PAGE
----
SAVANNAH is the true story of Ward Allen, a romantic and bombastic character who rejects his plantation heritage for the freedom of life on a river. Ward navigates the change of early 20th ... See full summary »
SAVANNAH is the true story of Ward Allen, a romantic and bombastic character who rejects his plantation heritage for the freedom of life on a river. Ward navigates the change of early 20th century America on the wrong side of the law and society, his loyal friend, a freed slave named Christmas Moultrie, at his side. Master of Shakespeare, and the shotgun that provides Savannah's markets with fowl, Ward fights for his rights as a hunter. His charisma and eloquent rhetoric win the heart of a society woman who defies her father to marry him. An elderly Moultrie tells the story of life on the river with his friend to a little boy, who passes the legendary Ward Allen down to the next generation. Written by
There is scene shortly after the film flashes to 1922 where Ward and Christmas are discussing the construction of "Imperial." The characters are referring to Imperial Sugar, which is the modern day corporate name for Dixie Crystal, who built their sugar refinery on Savannah's marsh front in 1916. See more »
Greetings again from the darkness. Beginning with "Based on a True Story", the movie takes us on a bumpy ride known as the life and times of Ward Allen, a silver-tongued duck hunter with a free spirit like few others. Director Annette Haywood-Carter utilizes Jack Cay Jr's "Ward Allen: Savannah River Market Hunter" as her source material, and the marsh lands of Savannah make for a beautiful setting.
Jim Caviezel dives into the role of Ward Allen and it's initially quite startling to see him play such a loquacious character we are so accustomed to his normally quiet and stoic nature. Caviezel seems to revel in the courtroom scenes where he recites Shakespeare and charms the judge (Hal Holbrook) and gallery. Flip a switch and the next scene will have Allen exchanging familiar glances and verbal jousts with his duck hunting buddy Christmas (Chiwetel Ejiofor), a freed slave who is the perfect companion for Allen.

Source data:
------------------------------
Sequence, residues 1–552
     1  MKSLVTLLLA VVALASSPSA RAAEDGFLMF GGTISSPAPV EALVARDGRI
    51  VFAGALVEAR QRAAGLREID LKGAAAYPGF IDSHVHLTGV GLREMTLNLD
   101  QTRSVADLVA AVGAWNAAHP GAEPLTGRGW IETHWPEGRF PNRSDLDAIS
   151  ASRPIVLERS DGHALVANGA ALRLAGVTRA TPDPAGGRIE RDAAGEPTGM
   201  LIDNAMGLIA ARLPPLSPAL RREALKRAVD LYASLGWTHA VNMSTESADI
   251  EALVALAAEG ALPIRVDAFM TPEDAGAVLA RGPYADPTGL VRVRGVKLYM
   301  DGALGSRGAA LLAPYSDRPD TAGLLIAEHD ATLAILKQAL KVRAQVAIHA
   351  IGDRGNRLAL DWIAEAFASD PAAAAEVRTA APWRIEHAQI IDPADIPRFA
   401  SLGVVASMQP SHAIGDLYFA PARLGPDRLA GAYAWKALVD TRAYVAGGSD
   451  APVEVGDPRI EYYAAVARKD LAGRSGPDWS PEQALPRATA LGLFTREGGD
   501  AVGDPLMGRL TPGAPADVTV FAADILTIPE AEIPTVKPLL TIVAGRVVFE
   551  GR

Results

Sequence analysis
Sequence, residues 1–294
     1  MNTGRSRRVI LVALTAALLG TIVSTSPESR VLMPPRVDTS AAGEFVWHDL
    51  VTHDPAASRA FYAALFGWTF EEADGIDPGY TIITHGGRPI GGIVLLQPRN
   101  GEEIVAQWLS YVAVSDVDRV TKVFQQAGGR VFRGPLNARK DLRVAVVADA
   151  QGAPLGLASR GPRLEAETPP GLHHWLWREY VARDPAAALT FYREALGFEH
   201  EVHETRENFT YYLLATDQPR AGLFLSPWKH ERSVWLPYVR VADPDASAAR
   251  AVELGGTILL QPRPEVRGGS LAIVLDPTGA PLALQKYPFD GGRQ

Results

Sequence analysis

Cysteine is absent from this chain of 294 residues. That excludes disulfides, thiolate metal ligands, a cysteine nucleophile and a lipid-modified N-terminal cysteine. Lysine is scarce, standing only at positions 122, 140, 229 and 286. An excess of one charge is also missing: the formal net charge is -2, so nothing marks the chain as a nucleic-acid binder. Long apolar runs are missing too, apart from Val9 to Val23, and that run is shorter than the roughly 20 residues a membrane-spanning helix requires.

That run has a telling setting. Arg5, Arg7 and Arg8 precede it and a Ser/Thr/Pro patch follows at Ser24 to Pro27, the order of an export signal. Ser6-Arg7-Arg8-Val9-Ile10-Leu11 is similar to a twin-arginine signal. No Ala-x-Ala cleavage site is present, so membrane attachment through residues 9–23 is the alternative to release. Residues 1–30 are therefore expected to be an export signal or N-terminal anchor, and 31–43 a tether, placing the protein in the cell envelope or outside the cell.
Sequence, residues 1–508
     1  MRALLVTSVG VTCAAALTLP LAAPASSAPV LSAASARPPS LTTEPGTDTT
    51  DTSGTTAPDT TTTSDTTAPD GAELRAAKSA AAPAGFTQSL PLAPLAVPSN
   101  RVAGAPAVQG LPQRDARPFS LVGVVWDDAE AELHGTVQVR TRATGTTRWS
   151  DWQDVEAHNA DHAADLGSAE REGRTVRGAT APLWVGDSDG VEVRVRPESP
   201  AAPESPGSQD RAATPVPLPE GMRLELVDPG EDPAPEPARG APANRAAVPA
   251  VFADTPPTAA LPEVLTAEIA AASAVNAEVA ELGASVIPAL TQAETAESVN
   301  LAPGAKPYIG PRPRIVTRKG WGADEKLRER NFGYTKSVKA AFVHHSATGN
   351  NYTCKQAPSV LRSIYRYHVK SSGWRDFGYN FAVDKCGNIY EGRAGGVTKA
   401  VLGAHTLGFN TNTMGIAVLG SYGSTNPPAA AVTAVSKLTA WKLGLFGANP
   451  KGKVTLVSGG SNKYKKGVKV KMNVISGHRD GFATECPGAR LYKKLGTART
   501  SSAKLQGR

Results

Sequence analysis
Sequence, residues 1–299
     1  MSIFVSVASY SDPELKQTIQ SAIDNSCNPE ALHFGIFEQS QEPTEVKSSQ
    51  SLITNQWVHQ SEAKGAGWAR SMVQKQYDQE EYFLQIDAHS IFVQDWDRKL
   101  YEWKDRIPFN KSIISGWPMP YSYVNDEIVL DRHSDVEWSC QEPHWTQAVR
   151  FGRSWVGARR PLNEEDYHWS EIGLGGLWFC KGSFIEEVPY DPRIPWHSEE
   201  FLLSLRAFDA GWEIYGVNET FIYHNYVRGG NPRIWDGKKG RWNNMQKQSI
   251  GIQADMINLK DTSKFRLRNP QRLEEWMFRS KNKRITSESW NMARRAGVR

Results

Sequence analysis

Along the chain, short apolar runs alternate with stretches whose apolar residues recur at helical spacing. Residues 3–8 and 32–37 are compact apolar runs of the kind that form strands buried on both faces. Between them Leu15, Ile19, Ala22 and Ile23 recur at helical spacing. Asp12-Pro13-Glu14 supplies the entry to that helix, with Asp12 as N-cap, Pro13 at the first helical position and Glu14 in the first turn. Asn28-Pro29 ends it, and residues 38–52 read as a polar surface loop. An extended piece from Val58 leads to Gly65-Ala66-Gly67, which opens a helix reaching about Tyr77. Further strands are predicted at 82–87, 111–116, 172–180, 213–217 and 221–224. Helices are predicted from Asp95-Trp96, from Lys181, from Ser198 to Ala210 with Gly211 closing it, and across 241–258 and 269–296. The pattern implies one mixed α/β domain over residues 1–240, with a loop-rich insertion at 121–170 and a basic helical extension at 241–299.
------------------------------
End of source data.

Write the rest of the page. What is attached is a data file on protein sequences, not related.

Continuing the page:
Evidently the real Mr. Allen was smart and engaging, but drank too much and constantly pushed the limits of legal hunting. His loyal dog, Rock, follows him everywhere and seems to anticipate his every need. This odd life takes a turn towards normalcy as Allen falls for a beautiful socialite played by Jaime Alexander. The two hit it off and get married, against the wishes of her father played by the great Sam Shepard. Unfortunately, it's at this point that the movie gets convoluted and loses focus, trying to be too many things at once.
Caviezel and Ejiofor have a really nice screen presence together, but the interjections of home life between Caviezel and Alexander just stomp out any flow to the story telling. The attempts to make Mr. Allen a legendary, larger-than-life figure fall short because of the clunky script structure. The bookend with Christmas telling the stories to both a young and adult Jack Cay (Bradley Whitford) just beg for continued focus on the bond between kindred spirits Allen and Christmas. The enigmatic Ward Allen was clearly an interesting man and I look forward to reading Cay's book it's just disappointing that the script was not sharpened prior to filming. It should be noted that there are a few tremendous songs throughout, including two very different versions of "Wade in the Water".
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